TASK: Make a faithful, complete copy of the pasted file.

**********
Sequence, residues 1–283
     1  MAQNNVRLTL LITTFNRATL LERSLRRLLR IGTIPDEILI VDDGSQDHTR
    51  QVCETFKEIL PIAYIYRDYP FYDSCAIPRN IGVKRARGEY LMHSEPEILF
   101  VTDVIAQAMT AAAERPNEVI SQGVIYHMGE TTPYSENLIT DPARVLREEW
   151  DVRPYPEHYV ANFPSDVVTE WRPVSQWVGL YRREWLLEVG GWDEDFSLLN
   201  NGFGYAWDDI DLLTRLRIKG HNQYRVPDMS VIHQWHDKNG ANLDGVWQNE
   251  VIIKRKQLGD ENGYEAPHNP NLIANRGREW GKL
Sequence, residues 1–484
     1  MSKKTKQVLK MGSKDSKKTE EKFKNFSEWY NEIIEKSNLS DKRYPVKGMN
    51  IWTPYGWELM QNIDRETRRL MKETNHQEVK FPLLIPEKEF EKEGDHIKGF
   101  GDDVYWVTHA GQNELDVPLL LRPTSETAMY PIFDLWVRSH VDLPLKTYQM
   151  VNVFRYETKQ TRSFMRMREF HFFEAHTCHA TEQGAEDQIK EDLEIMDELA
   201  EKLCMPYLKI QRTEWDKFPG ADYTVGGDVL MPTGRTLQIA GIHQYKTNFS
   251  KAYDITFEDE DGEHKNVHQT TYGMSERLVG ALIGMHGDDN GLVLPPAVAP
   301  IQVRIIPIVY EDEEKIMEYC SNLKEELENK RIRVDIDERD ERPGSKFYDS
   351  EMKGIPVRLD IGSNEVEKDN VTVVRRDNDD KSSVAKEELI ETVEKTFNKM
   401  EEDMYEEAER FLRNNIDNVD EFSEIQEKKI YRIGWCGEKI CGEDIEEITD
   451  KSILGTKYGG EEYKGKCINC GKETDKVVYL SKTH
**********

Sequence, residues 1–283
     1  MAQNNVRLTL LITTFNRATL LERSLRRLLR IGTIPDEILI VDDGSQDHTR
    51  QVCETFKEIL PIAYIYRDYP FYDSCAIPRN IGVKRARGEY LMHSEPEILF
   101  VTDVIAQAMT AAAERPNEVI SQGVIYHMGE TTPYSENLIT DPARVLREEW
   151  DVRPYPEHYV ANFPSDVVTE WRPVSQWVGL YRREWLLEVG GWDEDFSLLN
   201  NGFGYAWDDI DLLTRLRIKG HNQYRVPDMS VIHQWHDKNG ANLDGVWQNE
   251  VIIKRKQLGD ENGYEAPHNP NLIANRGREW GKL
Sequence, residues 1–484
     1  MSKKTKQVLK MGSKDSKKTE EKFKNFSEWY NEIIEKSNLS DKRYPVKGMN
    51  IWTPYGWELM QNIDRETRRL MKETNHQEVK FPLLIPEKEF EKEGDHIKGF
   101  GDDVYWVTHA GQNELDVPLL LRPTSETAMY PIFDLWVRSH VDLPLKTYQM
   151  VNVFRYETKQ TRSFMRMREF HFFEAHTCHA TEQGAEDQIK EDLEIMDELA
   201  EKLCMPYLKI QRTEWDKFPG ADYTVGGDVL MPTGRTLQIA GIHQYKTNFS
   251  KAYDITFEDE DGEHKNVHQT TYGMSERLVG ALIGMHGDDN GLVLPPAVAP
   301  IQVRIIPIVY EDEEKIMEYC SNLKEELENK RIRVDIDERD ERPGSKFYDS
   351  EMKGIPVRLD IGSNEVEKDN VTVVRRDNDD KSSVAKEELI ETVEKTFNKM
   401  EEDMYEEAER FLRNNIDNVD EFSEIQEKKI YRIGWCGEKI CGEDIEEITD
   451  KSILGTKYGG EEYKGKCINC GKETDKVVYL SKTH